Myanmar's powerful army picks lawmakers as transition moves forward

Myanmar army chief Min Aung Hlaing has nominated military officers to their posts in Parliament.

Myanmar's powerful army picks lawmakers as transition moves forward

Yangon: Myanmar army chief Min Aung Hlaing nominated military officers, who hold a quarter of seats in Parliament, to their posts, state media said on Tuesday, another step by the army in what has so far surprised many as a remarkably peaceful transition.

Aung San Suu Kyi`s National League for Democracy (NLD) party swept the historic Nov. 8 election, but Myanmar`s military, which ruled the country for 49 years before giving way to semi-civilian government in 2011, remains a powerful political force.

A statement carried in the Global New Light of Myanmar daily said that the election commission had confirmed the military lawmakers for both national and regional parliaments.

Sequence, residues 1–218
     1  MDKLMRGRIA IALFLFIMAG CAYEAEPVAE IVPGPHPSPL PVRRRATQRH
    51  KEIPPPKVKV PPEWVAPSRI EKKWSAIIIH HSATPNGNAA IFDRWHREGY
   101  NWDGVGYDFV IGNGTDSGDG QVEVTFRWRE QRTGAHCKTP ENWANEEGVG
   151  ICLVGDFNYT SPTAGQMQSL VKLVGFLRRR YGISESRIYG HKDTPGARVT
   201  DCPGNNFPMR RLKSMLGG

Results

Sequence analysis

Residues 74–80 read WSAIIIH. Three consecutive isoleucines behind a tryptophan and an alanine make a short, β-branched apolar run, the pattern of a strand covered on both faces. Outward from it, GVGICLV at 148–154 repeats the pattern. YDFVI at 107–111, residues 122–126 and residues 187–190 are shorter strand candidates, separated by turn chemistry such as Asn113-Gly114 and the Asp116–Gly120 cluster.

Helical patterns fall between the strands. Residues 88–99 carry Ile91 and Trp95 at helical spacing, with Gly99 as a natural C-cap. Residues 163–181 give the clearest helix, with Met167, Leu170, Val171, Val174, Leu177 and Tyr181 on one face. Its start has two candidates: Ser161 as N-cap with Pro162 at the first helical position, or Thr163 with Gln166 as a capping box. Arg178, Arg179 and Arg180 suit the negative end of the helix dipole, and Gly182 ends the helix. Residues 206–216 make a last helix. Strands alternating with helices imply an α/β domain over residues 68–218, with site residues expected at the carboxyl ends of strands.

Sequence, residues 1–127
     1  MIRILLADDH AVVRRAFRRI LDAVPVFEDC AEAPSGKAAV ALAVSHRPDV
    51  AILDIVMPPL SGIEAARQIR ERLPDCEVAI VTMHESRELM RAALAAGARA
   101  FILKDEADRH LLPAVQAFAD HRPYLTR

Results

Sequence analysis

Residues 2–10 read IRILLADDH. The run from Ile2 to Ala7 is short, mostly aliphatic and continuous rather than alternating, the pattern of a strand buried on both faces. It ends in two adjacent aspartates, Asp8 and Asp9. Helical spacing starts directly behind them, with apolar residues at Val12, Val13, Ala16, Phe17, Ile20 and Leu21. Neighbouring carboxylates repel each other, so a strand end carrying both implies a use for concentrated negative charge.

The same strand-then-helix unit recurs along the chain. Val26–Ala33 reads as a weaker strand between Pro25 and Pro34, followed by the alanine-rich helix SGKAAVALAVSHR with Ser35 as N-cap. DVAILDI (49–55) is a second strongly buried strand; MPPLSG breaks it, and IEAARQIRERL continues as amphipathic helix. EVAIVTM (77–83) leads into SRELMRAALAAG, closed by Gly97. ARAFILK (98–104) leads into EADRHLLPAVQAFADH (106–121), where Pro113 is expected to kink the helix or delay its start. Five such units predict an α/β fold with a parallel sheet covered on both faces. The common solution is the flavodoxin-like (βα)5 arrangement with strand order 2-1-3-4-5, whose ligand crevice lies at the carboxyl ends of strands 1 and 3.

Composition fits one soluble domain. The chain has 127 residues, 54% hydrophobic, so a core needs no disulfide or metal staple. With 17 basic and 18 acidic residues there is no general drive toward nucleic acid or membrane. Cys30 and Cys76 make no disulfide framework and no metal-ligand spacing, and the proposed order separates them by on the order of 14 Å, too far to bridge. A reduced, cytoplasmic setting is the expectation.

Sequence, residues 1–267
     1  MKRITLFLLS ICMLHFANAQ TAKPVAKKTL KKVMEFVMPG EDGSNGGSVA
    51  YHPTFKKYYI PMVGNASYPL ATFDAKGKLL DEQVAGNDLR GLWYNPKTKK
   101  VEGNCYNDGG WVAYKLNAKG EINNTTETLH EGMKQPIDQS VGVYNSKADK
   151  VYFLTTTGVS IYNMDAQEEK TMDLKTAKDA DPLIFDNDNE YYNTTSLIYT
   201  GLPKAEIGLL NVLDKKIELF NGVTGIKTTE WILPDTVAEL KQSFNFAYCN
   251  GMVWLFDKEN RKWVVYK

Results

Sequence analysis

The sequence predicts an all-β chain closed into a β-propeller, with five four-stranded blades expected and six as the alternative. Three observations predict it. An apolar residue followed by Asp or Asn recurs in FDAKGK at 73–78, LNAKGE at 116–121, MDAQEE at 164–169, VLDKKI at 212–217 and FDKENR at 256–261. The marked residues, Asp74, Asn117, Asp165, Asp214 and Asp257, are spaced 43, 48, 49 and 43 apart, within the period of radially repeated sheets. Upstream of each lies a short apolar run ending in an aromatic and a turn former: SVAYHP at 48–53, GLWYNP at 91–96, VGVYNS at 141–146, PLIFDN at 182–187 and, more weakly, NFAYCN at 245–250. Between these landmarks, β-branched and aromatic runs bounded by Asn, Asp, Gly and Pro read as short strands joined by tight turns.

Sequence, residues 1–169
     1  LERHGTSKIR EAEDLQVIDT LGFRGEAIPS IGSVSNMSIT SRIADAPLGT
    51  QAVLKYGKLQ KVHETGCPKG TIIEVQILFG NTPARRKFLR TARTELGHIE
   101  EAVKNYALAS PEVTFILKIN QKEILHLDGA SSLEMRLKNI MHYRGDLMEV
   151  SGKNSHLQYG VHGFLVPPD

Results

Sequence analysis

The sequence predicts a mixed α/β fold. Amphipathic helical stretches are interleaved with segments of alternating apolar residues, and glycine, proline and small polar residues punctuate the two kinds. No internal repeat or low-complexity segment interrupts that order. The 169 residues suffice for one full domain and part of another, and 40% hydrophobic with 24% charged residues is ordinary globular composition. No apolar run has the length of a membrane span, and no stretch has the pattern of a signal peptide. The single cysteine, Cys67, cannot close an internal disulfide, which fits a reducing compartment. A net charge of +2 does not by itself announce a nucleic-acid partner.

Myanmar`s second-in-command, deputy commander-in-chief Soe Win, reiterated on Monday the army`s willingness to keep its powerful position in politics during a meeting with U.S. Deputy Secretary of State Antony Blinken during their meeting in the capital of Naypyitaw.

"Vice Senior General Soe Win explained ... the plan to cooperate with the next government and the leading role of the Tatmadaw in national politics," the state-owned Myanmar language daily Kyemon reported on Tuesday. Tatmadaw is the Myanmar term for the military.

The 25 percent of seats in the national parliament gives the military an effective veto over changes to the 2008 junta-drafted constitution that bans Suu Kyi from becoming the president because her late husband was British and her sons are not Myanmar citizens. 

Three key security ministries - defence, border affairs and home affairs - also remain under the control of the commander-in-chief.